Climate engineering technologies do not now offer a viable response to global climate change. Experts advocating research to develop and evaluate the technologies believe that research on these technologies is urgently needed or would provide an insurance policy against worst case climate scenarios--but caution that the misuse of research could bring new risks. Government reports and the literature suggest that research progress will require not only technology studies but also efforts to improve climate models and data. The technologies being proposed have been categorized as carbon dioxide removal (CDR) and solar radiation management (SRM). CDR would reduce the atmospheric concentration of CO2, allowing more heat to escape and thus cooling the Earth. For example, proposed CDR technologies include enhancing the uptake of CO2 in oceans and forests and capturing CO2 from air chemically for storage underground. SRM technologies would place reflective material in space or in Earth's atmosphere to scatter or reflect sunlight (for example, by injecting sulfate aerosols into the stratosphere to scatter incoming solar radiation or brightening clouds) or would increase the planet's reflectivity (for example, by painting roofs and pavements in light colors). GAO found these technologies currently immature, many with potentially negative consequences. Some studies say, for example, that stratospheric aerosols might greatly reduce summer precipitation in places such as India and northern China. Many experts advocated research because of its potential benefits but also recognized its risks. For example, a country might unilaterally deploy a technology with a transboundary effect. Research advocates emphasized the need for risk management, envisioning a federal research effort that would (1) focus internationally on transparency and cooperation, given transboundary effects; (2) enable the public and national leaders to consider issues before they become crises; and (3) anticipate opportunities and risks. A small number of those we consulted opposed research; they anticipated major technology risks or limited future climate change. Based on GAO's survey, a majority of U.S. adults are not familiar with climate engineering. When given information on the technologies, they tend to be open to research but concerned about safety.

Thursday, September 22, 2011

Wholeheartedly agree with Matt Andrews

If only all development organizations were required to provide background stories like these for the innovations they so easily reproduce everywhere. One wonders if ministers of finance in French speaking African countries would so willingly agree to Medium Term Expenditure Framework reforms if they knew where these ideas came from (select advanced Anglophone countries like Australia), what kind of process MTEFs emerged from in these settings, what kind of political context they demand, what capacities they require etc. Ditto for just about every good, better or best practice one can think of. We need more of what ISS is providing: materials to help theorize what makes a best or innovative practice best or innovative and to assist us in thinking about whether these practices fit into new contexts...or what will be required to facilitate the fit. Visit their web site at http://www.princeton.edu/successfulsocieties/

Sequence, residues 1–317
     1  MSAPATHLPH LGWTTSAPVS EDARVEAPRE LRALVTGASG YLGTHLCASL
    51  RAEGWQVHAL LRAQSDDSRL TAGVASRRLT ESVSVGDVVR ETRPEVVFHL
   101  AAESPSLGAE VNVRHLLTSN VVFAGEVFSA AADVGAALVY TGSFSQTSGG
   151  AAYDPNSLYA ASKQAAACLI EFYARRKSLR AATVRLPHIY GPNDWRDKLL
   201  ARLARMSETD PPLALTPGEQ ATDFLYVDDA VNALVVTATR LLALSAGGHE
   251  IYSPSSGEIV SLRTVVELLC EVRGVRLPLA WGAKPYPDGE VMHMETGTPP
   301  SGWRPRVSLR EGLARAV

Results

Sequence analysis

Sunday, September 18, 2011

Thursday, September 8, 2011

Irish Fiscal Advisory Council

The government announced the establishment of the Irish Fiscal Advisory Council (IFAC) on July 7, 2011. The IFAC is mandated to provide an assessment of:
(i) the soundness of official macro-fiscal forecasts;
(ii) the appropriateness of the fiscal stance (including the government’s stated medium-term budgetary objective); and
(iii) the consistency between budgetary plans and fiscal rules (the latter are to be specified in a Fiscal Responsibility Bill by year-end).

The IFAC will submit, at least three times a year, written reports to the Minister for Finance, which will automatically be communicated to the Oireachtas within 24 hours. This effectively means that the IFAC’s reports are published with the Minister having advance notice of their content. There are no restrictions, otherwise, on the Council’s communication with the public.

The IFAC comprises five members, appointed by the Minister for Finance for initial tenures of two to four years. The members will serve in a voluntary capacity, assisted by a small secretariat including full-time economist staff. The Council has been allocated initial funding for the remainder of 2011.

Among the range of fiscal councils in Europe, the IFAC appears most similar to the Swedish Fiscal Policy Council, both in terms of mandate and funding. For instance, the IFAC is charged with assessing, rather than producing, the official macro-fiscal forecasts, which explains its relatively modest resources compared with say, the U.K.’s Office for Budget Responsibility
-Ireland: Third Review Under the Extended Arrangement - Staff Report

Tuesday, September 6, 2011

A mathematician on Capital Budgeting